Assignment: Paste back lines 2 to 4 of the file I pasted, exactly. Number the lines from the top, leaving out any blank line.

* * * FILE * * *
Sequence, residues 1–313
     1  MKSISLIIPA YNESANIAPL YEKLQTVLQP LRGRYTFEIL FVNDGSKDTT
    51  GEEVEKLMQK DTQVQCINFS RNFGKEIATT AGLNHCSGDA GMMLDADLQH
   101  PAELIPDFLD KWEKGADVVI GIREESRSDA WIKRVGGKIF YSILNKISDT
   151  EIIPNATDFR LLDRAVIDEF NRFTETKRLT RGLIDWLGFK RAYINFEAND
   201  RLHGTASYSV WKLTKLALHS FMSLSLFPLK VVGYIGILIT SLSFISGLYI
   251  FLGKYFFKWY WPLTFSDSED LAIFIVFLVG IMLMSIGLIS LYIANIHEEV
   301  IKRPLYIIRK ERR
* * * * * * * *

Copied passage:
     1  MKSISLIIPA YNESANIAPL YEKLQTVLQP LRGRYTFEIL FVNDGSKDTT
    51  GEEVEKLMQK DTQVQCINFS RNFGKEIATT AGLNHCSGDA GMMLDADLQH
   101  PAELIPDFLD KWEKGADVVI GIREESRSDA WIKRVGGKIF YSILNKISDT